Knowledge, Stakes, and Mistakes

Noûs 49 (2):201–234 (2015)
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Abstract

According to a prominent claim in recent epistemology, people are less likely to ascribe knowledge to a high stakes subject for whom the practical consequences of error are severe, than to a low stakes subject for whom the practical consequences of error are slight. We offer an opinionated "state of the art" on experimental research about the role of stakes in knowledge judgments. We draw on a first wave of empirical studies--due to Feltz & Zarpentine (2010), May et al (2010), and Buckwalter (2010)--which cast doubt on folk stakes sensitivity, and a second wave of empirical studies--due to Pinillos (2012) and Sripada & Stanley (2012)--said to vindicate it, as well as new studies of our own. We conclude that the balance of evidence to date best supports Folk stakes insensitivity, or that all else equal, stakes do not affect knowledge ascription.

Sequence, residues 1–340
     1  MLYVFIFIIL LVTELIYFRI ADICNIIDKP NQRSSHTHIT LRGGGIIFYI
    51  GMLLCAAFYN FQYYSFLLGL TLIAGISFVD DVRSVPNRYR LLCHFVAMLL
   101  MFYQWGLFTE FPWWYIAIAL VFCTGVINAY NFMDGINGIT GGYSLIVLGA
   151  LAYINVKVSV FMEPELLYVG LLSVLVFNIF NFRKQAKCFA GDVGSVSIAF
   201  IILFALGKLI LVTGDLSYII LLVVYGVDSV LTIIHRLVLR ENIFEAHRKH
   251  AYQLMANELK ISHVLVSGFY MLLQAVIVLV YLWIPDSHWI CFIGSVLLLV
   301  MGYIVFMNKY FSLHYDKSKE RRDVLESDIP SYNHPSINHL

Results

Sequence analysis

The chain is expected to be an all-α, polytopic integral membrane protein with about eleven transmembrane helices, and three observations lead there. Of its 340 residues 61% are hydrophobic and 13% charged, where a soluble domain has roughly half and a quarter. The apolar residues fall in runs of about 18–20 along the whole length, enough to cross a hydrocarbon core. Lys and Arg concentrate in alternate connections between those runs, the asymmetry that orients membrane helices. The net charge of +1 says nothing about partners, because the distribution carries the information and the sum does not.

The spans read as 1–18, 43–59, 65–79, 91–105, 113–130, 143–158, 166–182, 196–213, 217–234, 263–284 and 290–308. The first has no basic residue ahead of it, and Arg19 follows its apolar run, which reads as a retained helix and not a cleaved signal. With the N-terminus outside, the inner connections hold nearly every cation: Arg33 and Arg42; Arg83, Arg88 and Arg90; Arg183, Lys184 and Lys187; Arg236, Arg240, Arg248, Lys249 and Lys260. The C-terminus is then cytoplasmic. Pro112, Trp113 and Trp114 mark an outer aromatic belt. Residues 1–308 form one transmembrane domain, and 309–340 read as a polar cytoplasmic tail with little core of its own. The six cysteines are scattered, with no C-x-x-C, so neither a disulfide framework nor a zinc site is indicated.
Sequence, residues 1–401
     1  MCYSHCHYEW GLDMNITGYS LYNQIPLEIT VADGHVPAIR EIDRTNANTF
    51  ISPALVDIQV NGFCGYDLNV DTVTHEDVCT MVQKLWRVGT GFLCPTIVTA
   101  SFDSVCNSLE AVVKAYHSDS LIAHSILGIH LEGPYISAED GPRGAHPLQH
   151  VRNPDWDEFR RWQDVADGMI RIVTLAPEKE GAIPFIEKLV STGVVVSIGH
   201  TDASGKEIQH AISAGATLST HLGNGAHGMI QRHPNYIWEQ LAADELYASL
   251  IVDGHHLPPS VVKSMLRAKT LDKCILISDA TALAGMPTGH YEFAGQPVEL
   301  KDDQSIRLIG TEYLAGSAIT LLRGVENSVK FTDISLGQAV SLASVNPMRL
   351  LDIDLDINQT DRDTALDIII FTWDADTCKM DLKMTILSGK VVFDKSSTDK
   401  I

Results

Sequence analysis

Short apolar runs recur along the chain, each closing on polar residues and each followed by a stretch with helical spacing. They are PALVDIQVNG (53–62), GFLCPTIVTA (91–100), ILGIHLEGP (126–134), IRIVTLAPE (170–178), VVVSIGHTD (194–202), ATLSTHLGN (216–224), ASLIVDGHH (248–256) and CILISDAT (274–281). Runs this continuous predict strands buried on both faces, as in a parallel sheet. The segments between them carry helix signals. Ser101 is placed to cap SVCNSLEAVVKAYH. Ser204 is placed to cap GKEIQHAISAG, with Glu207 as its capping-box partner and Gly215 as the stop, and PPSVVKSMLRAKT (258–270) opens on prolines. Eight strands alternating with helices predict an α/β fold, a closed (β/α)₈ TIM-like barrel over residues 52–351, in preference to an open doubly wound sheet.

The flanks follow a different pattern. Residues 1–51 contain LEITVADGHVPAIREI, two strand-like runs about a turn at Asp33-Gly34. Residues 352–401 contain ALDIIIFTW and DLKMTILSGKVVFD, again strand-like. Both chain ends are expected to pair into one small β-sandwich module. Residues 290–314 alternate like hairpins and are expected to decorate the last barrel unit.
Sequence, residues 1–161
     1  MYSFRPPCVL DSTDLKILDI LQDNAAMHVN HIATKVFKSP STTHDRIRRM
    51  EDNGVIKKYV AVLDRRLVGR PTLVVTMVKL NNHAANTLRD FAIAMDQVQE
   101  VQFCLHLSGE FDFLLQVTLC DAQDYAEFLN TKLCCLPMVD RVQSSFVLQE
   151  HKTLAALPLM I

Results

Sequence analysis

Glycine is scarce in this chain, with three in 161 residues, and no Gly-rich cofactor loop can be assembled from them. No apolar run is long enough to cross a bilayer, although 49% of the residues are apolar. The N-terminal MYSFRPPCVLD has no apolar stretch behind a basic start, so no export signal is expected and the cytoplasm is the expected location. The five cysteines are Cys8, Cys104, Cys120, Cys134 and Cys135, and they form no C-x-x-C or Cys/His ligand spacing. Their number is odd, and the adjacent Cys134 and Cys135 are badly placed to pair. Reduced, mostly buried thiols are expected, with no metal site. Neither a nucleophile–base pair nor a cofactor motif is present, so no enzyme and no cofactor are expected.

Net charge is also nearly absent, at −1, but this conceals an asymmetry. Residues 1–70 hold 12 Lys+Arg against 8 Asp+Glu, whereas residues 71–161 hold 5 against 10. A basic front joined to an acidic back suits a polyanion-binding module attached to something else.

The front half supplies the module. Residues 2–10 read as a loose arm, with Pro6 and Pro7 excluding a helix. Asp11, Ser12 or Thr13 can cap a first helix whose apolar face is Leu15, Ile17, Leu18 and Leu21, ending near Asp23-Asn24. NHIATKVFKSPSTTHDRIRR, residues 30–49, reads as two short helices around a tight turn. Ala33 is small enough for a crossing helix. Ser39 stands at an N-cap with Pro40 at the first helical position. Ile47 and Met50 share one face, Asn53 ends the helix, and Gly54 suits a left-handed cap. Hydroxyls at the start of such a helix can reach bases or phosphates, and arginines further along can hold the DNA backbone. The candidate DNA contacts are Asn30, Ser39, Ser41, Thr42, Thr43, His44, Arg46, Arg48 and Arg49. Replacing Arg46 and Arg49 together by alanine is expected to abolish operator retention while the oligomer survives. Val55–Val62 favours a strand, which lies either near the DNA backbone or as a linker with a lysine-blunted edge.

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Wesley Buckwalter
George Mason University

References found in this work

Knowledge and its Limits.Timothy Williamson - 2000 - Oxford University Press.
Knowledge and Lotteries.John Hawthorne - 2003 - Oxford, England: Oxford University Press.
Causality: Models, Reasoning and Inference.Judea Pearl - 2000 - Cambridge University Press.
Knowledge and Practical Interests.Jason Stanley - 2005 - Oxford University Press.

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